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YR1 not settling in new school

(12 Posts)
Ilovecrumpets Thu 28-Sep-17 21:32:59

Hi everyone

I'm just looking for some thoughts/reassurance really.

My DS (5) moved to a new school for the start of Y1. He had the odd naughty episode but nothing major or that concerned the teachers at his last school in reception, but had friends and the teachers always said he was a popular, sociable boy.

His teacher at his new school phoned me this evening as she is a bit concerned about him. He has been name calling at playtime on occasion and doesn't seem to be intergrating and making friends. Apparently the first two weeks things seemed to be going well but not the last few. He has said to me that the other children won't play with him at playtime and that some children have called him names - a lot of the children have older siblings who I suspect are possibly sticking up for their siblings if he name calls but he seems to find really upsetting.

His teacher has been lovely and is going to try and find out what is happening at playtime. I suppose I am panicking a bit that I have made a big mistake moving him ( it was a school we had been on a waiting list for and his previous school had quite a few issues). I guess I was wondering how long it does take children to settle and if it's usual to have a rocky start sometimes?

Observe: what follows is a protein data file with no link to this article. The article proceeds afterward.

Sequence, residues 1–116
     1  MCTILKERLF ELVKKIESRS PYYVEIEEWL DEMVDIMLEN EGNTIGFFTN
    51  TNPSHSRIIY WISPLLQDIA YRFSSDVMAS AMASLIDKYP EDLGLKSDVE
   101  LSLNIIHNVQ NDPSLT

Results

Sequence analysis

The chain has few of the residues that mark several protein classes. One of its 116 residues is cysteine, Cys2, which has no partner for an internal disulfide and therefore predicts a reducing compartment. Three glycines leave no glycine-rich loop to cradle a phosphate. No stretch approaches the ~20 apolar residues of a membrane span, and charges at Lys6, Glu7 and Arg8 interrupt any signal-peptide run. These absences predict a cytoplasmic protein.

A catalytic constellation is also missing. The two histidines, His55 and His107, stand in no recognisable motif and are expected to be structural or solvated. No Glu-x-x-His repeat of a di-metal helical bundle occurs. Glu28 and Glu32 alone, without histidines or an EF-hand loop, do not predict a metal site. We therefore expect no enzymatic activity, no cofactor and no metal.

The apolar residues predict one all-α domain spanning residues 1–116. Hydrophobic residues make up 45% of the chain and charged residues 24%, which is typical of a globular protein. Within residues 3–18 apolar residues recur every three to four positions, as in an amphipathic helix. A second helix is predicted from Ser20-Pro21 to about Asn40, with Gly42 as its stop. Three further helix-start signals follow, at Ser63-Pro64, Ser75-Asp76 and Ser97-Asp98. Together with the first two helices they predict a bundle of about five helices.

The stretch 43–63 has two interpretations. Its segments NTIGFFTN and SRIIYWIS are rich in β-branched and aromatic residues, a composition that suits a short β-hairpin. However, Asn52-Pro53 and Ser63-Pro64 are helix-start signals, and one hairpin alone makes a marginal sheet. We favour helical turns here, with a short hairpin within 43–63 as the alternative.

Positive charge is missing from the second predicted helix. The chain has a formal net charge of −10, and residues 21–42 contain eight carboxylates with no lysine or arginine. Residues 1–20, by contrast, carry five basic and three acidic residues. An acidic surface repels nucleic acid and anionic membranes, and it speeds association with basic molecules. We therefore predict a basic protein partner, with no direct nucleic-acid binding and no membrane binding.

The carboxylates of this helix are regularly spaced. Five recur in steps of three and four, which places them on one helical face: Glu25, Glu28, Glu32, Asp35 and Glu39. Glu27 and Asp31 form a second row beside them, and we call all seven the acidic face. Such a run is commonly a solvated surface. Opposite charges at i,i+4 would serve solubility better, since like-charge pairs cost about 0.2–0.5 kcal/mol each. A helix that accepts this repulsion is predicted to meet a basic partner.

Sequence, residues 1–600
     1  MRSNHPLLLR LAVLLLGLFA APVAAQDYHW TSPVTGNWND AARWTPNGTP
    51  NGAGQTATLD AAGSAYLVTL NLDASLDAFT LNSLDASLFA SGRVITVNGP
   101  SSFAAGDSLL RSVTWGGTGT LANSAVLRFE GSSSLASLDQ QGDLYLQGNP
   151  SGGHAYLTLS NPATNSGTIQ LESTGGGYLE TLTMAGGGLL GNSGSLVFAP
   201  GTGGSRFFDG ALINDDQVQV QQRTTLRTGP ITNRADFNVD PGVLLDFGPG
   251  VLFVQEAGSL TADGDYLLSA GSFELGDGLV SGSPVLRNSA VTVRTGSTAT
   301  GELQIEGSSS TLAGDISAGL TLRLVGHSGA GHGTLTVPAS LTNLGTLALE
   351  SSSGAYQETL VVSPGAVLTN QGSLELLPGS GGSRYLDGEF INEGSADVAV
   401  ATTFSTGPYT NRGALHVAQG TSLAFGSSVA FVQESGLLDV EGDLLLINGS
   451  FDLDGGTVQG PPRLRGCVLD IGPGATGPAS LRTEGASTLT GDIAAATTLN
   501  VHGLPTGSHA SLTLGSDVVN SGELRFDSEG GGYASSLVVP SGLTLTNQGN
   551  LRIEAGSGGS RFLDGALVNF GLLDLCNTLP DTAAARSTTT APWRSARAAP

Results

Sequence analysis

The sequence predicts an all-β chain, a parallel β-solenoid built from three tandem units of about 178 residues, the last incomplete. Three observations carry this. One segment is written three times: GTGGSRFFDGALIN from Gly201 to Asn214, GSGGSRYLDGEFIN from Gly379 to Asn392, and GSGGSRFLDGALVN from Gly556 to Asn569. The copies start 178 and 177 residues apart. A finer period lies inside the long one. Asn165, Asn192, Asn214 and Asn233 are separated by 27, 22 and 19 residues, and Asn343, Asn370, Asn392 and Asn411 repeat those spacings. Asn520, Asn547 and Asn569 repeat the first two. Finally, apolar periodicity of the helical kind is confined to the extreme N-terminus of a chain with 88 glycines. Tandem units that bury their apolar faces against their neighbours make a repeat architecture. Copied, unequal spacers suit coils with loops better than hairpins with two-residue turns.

I feel so sad to think of him with no friends. Unfortunately I work part time and am finding it difficult to get to know other parent sto help by tying to organise a play date etc which could help.

HadenoughnowFFS Thu 28-Sep-17 22:41:59

Is it a large school?
I think play dates would help - do you have any days off during the school week or time over the weekend?

Ricekrispie22 Fri 29-Sep-17 06:47:43

I'd suggest after school clubs. The chemistry of after school clubs is completely different to during school because certain individuals or ring leaders are not there to egg the other children on. He could break into a social group that way.

RoderickRules Fri 29-Sep-17 06:53:55

My DS moved at year 2, he has not been as settled as he was at the old school.

It has taken a year to find his feet a bit. Had tears, nightmares and he still wishes to go back to his old school. The new school has a completely different culture.

I think what I'm saying is, it's different, so it won't be the same? It wasn't for us anyway.

MiaowTheCat Fri 29-Sep-17 08:03:31

Message withdrawn at poster's request.

2014newme Fri 29-Sep-17 08:10:08

Yes for children who struggle socially nurture groups can be helpful you could check if there is one?

Ilovecrumpets Fri 29-Sep-17 08:14:23

Thank you for you replies everyone.

had it is a big school - 60 intake - and also because of the way the school works his class is largely siblings of older children so have been together since nursery. I do do two pick ups and drop offs, but a lot of the parents seem to have changing childcare as they work out of the home - so different people at each. I have to admit that I am also finding it hard to integrate into the parents as again they seem to have known each other a long time. There is one friendly mum though who I will try to set something up with!

rice after school club is a good idea. Will try and get in a wait list for after half term.

roderick I do get what you are saying. I think I am also